Never Miss a Sunset By Nancy Loucks-McSloy

The moment one gives close attention to any thing, even a blade of grass it becomes a mysterious, awesome, indescribably magnificent world in itself.~Henry Miller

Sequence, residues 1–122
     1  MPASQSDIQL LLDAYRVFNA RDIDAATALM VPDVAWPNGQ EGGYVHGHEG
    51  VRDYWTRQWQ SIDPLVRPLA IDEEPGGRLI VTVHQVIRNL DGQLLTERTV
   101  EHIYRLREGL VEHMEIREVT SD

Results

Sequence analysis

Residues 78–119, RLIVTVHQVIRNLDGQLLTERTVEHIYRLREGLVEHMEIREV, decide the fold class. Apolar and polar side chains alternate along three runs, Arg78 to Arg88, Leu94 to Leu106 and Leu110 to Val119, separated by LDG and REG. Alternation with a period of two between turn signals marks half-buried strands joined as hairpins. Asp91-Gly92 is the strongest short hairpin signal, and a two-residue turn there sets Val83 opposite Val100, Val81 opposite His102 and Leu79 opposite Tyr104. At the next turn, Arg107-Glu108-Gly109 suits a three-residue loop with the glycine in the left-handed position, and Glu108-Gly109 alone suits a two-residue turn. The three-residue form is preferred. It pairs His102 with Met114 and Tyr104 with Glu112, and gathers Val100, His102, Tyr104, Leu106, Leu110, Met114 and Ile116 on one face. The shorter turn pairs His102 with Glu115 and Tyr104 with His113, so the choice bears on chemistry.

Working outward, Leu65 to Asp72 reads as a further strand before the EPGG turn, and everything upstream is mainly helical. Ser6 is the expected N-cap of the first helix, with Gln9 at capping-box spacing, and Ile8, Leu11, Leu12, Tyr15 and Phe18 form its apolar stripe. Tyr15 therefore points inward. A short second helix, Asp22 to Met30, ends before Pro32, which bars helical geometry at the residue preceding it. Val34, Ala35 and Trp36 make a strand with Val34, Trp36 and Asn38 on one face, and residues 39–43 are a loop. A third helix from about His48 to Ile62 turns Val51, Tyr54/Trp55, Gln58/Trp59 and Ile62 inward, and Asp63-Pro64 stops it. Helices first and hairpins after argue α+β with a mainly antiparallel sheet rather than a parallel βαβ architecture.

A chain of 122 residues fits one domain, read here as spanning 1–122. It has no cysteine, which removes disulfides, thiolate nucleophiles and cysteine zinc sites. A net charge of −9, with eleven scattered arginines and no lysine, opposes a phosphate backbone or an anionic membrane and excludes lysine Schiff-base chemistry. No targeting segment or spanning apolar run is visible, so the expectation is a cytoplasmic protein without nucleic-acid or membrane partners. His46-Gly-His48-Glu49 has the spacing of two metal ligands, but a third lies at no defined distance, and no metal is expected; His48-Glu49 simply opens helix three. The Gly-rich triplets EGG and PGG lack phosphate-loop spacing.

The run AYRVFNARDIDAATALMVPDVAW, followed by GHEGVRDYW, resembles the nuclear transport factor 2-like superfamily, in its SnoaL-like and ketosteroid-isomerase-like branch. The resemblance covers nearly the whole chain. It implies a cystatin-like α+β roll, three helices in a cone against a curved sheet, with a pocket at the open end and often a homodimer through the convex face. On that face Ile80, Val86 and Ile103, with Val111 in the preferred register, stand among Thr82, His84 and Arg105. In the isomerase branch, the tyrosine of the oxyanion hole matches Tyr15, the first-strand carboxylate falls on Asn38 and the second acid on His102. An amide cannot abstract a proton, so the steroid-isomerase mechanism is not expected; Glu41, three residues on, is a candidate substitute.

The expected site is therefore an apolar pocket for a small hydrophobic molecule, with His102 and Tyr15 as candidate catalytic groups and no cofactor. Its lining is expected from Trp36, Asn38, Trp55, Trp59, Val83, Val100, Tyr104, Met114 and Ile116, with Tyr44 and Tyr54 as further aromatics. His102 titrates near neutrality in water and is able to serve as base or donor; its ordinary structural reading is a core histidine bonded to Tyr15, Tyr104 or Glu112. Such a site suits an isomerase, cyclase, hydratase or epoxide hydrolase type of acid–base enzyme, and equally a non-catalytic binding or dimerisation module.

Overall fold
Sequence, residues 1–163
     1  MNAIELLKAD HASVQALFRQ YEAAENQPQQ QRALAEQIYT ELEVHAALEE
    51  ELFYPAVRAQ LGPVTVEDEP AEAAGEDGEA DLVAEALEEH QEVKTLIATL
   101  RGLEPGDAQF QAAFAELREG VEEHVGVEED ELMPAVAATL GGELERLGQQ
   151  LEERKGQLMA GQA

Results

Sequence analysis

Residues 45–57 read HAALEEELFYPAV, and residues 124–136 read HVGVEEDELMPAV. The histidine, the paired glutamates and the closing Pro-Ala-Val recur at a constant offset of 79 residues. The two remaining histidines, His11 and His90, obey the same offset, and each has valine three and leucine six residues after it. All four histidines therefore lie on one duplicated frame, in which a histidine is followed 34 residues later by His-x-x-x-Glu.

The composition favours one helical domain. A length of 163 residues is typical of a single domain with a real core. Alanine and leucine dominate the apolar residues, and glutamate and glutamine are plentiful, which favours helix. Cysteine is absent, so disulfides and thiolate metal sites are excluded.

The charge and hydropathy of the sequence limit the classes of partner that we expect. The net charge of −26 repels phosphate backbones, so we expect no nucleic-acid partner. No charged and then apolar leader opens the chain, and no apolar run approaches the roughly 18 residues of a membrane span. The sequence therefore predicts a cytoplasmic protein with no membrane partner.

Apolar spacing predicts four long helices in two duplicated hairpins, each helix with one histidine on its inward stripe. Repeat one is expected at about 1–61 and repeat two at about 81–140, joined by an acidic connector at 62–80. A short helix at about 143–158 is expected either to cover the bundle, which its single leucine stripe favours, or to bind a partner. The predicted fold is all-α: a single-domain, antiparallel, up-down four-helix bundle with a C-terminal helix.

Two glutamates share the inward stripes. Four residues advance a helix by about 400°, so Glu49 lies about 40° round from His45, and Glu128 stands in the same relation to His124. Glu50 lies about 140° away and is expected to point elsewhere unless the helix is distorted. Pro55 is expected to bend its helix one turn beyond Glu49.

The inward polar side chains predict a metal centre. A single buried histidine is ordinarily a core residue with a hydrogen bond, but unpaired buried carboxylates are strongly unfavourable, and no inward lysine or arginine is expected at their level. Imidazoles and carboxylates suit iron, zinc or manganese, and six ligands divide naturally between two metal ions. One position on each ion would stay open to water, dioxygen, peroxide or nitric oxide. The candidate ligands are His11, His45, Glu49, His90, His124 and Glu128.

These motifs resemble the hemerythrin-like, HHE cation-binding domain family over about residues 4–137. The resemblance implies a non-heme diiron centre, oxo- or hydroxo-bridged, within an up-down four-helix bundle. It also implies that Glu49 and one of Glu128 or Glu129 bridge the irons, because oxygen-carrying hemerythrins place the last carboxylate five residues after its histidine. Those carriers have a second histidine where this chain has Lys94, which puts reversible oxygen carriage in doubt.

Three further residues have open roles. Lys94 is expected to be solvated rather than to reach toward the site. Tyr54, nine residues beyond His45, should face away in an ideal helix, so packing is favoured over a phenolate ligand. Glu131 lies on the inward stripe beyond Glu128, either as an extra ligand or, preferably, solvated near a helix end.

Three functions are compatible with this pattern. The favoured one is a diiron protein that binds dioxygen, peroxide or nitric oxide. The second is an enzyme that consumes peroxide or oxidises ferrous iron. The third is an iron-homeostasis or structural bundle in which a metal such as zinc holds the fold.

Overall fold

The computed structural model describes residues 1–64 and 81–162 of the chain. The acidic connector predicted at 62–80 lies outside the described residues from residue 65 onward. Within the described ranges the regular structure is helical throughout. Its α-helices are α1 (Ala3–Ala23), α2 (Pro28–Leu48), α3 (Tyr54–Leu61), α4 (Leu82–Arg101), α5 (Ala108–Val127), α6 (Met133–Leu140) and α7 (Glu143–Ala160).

Growing up with the golden sands of Sauble Beach at my doorstep, I realize now how rich we really were. Fondly referred to as the “Daytona of Canada,” Sauble Beach, Ontario is famous for its eleven kilometres of pure, golden, sugary sand, embracing the warm, clean waters of Lake Huron. When I visited my relatives in the “city,” I envied their beautiful houses, their stylish clothes and even the cookies that came out of a bag instead of the oven! As I take a nostalgic look at the past I now know that what we had money could not buy.We lived on a modest farm on Silver Lake Road, just a mile or so from “the beach.” My parents had grown up during the Depression, so frugality was a way of life. On the other hand they were so generous and giving. My dad would grow a huge garden to feed us throughout the winter and there was always enough for the “city” relatives to come and visit and take fresh vegetables home.We seldom went out for a fancy dinner or to a movie, but one thing that we did from the time the weather turned nice in the spring until the snow came and the lake froze over was to go to the beach. My father always said, “Never miss a sunset.” In the early spring we would sit at the beach, watching the icebergs as they moved in and out, and of course watching for that beautiful sunset. As spring turned into summer, we would go to the beach and swim until it was time to watch the sunset. Summer would turn to autumn, when the evenings were chilly and the water would begin to get rough. As we watched the waves, listening to them hit the shore, we would wait for those last sunsets of the season, knowing that soon it would be winter and we would be waiting for spring to once again watch the sunset over the lake.I grew up, married and moved away from the beauty of the lake and its breathtaking sunset. My parents retired and looked forward to summer when our children would spend summer holidays with them. Our children are now grown with children of their own, but they still talk about the days when Grandma and Grandpa would take them to the beach to swim and how Grandpa always said, “Never miss a sunset.”During his golden years, Dad would spend his time in the spring puttering around, making maple syrup and preparing to plant his garden. He would come back from the sugar bush in time for dinner and to take that short drive to watch the sunset. During the summer, he would work in his garden, or relax under the beautiful twin maple trees in the side yard. Evening would come and he would say to Mom, “We better go for an ice cream cone and eat it while we watch the sunset.” Autumn was no exception. He still took that short jaunt to the lake shore most evenings.Dad had lived there from birth; the only time he had been away from home was during World War II when he was in the army. He always said, “There is no place like home.”It was early spring. Dad called with some urgency in his voice, asking us to come and visit for the weekend. We went and helped him do a few things around the farm. When we finished our work he said, “We better go and watch the sunset.” That was the last sunset that I watched with my dad. A week later, we got the call. Just the night before, he and Mom went to the beach and watched their last sunset together. Suddenly he had been called to another home. The news was devastating and our next trip home was for his funeral. Spending the next several days at the farm, grieving and not knowing what to do with myself, I would wake up early, drive to the beach to watch and listen to the waves. I felt as if Dad were with me. Every evening, I would say to my family, “If Dad were here he would say never miss a sunset,” and off we would go to watch God’s artwork, reminiscing about a wonderful husband, father and grandpa.The memories of the sunsets of the Lake Huron shores have never left my heart. No matter what season I am travelling in the area, I feel an urge to be at the “beach” for the sunset. The spiritual healing that I have had just sitting on the beach, watching the sunset is more than money could ever buy! Living in our crazy “rat race” world I have learned to “take time to stop and smell the roses” and to “never miss a sunset.”